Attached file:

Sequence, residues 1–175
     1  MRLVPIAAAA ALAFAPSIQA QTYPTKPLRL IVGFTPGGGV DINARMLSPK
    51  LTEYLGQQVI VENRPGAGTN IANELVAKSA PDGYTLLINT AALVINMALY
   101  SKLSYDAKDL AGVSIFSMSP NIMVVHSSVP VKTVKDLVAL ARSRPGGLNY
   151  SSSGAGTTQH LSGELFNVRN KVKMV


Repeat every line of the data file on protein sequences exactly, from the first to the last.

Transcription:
Sequence, residues 1–175
     1  MRLVPIAAAA ALAFAPSIQA QTYPTKPLRL IVGFTPGGGV DINARMLSPK
    51  LTEYLGQQVI VENRPGAGTN IANELVAKSA PDGYTLLINT AALVINMALY
   101  SKLSYDAKDL AGVSIFSMSP NIMVVHSSVP VKTVKDLVAL ARSRPGGLNY
   151  SSSGAGTTQH LSGELFNVRN KVKMV